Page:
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Nikki Shaffeeullah: At its best, theatre can advance equity and justice not just in content, but in process and form as well

Nikki Shaffeeulah plays a disillusioned activist living in Toronto in 2053 in her play, A Poem for Rabia. Photo by Cylla Von Tiedemann.

Playwright, artist, and cultural facilitator Nikki Shaffeeullah maintains that “art should disrupt the status quo.” On her website, she also declares that art should “centre the margins, engage with the ancient, dream of the future, and be for everyone”.

Her new play, A Poem for Rabia, which is being presented by Tarragon Theatre in Toronto, seeks to accomplish all these things. Featuring Vancouver actor Adele Noronha in the title role, it tells the story of three queer women living on three different continents in three separate centuries.

Rabia is a domestic worker abducted by colonial recruiters in Calcutta (now Kolkata) in 1853. She’s put on a ship carrying indentured labourers to the Caribbean.

Another character, Betty (Michelle Mohammed), works in British Guiana in 1953 as the anti-colonial movement is gaining momentum. The third character, Zahra (played by Shaffeeullah), is living in Toronto in 2053 after Canada has abolished prisons.

Nikki Shaffeeullah Photo by Cylla Von Tiedemann
Tarragon Theatre is presenting Nikki Shaffeeullah’s A Poem for Rabia. Photo by Cylla Von Tiedemann

Shaffeeullah in her own words

Toronto Spark caught up with Shaffeeullah to learn more about this production. You can read her responses to four questions below.

Toronto Spark: Can you talk about the origins of A Poem for Rabia? How did you come up with the idea of centering a play around three women living in three different centuries on three different continents?

Nikki Shaffeeullah: I engaged in a series of creative and research processes over the course of several years and the result was A Poem for Rabia—I didn’t know what the play would be when I started. In fact, for several years, the play-in-progress was titled Betty’s House (Betty, Rabia, and Zahra are the three central characters of the play) and was telling a slightly different story. My process was focused on exploring what the lives and experiences of people who could have been my ancestors. I was curious about how better understanding (intellectually, emotionally, etc.) how better understanding how past generations have enacted revolutions can embolden us to create better futures. A lot of things that are true now once seemed impossible.

Toronto Spark: What was behind the decision to situate part of the play in British Guiana in the early 1950s?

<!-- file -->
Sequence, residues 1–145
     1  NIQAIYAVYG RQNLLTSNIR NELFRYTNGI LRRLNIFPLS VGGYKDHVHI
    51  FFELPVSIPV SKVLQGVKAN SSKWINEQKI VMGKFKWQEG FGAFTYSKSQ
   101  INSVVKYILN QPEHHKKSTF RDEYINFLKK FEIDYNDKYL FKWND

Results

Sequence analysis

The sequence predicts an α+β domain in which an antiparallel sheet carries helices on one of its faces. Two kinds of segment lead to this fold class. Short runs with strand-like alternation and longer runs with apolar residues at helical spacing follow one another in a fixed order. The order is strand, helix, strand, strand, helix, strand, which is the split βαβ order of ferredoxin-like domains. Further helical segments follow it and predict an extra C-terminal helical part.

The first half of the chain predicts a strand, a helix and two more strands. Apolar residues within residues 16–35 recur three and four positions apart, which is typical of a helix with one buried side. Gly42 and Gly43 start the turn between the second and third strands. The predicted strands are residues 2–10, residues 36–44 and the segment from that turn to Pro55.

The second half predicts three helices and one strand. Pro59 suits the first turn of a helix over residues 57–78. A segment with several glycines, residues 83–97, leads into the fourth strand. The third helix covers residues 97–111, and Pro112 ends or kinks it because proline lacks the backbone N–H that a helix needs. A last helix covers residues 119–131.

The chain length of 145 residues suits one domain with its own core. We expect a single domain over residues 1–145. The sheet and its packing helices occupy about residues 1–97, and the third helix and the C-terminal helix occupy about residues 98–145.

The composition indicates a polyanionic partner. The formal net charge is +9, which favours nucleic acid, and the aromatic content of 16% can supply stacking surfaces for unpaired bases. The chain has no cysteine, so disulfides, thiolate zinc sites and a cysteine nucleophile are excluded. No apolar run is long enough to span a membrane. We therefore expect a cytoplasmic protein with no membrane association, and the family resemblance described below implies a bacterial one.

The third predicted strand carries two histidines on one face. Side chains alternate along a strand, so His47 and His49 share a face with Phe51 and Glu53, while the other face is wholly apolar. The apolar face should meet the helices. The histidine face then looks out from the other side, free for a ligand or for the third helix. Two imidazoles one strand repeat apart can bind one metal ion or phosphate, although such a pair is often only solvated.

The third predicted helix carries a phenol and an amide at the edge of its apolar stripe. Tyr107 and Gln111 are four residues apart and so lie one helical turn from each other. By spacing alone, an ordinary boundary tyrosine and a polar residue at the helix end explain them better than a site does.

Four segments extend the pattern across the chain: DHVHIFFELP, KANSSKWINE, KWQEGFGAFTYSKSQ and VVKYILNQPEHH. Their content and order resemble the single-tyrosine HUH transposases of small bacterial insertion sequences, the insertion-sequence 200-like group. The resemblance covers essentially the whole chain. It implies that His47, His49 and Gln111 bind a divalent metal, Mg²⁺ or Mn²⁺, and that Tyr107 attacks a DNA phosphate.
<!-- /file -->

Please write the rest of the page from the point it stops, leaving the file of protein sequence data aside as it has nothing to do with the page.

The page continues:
NS: In 1953, the British enacted a coup that removed the first democratically elected ministers in what was then called British Guiana. A team of politicians who were invested in the anti-colonial struggle, racial justice, and labour rights, ascended to power. Their left-leaning politics were ultimately perceived as too threatening to the British (and Americans) in the Cold War context. In the decades that followed, political events, and specifically a significant amount of colonial intervention from Western powers, led a painful divide between the African and Indian ethnic majorities of the country that persists today. I feel grief that ongoing colonialism prevented what could have been strong solidarity between descendants of slavery and descendants of indenture. So, looking at this moment in time felt like a right spot to ask some ‘what ifs’ in the storytelling.

Theatre speaks to emotional intelligence

Toronto Spark: Migration has been addressed in different ways over the year through film and theatre. What sets A Poem for Rabia apart from other productions that deal with this topic?

NS: I suppose migration is not the subject itself—it is certainly a fact and a context. A Poem for Rabia looks at the ways in which a changing world, including political shifts and mass migration (including forced and semi-forced), impact bodies, relationships, and communities, across generations.

Toronto Spark: What role can theatre play in advancing equity and racial justice?

NS: At its best, theatre can advance equity and justice not just in content, but in process and form as well. Because theatre can speak to emotional intelligences as well as other kinds of intelligence, it can help build empathy and encourage nuance across difficult conversations. I’d recommend a resource I’m proud to have curated with a team of incredible artists called Stages of Transformation. It really specifically looks at what transformative justice and the arts have to do with each other.

Tarragon Theatre is presenting  Nikki Shaffeeullah’s A Poem for Rabia in association with Nightwood Theatre and Undercurrent Creations in Toronto until November 12. For tickets and information, visit the Tarragon Theatre website.

Learn more about arts and culture on the Toronto Spark website.

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Charlie Smith

Charlie Smith

Toronto Spark editor Charlie Smith has worked as a journalist in print, radio, and television for more than three decades.

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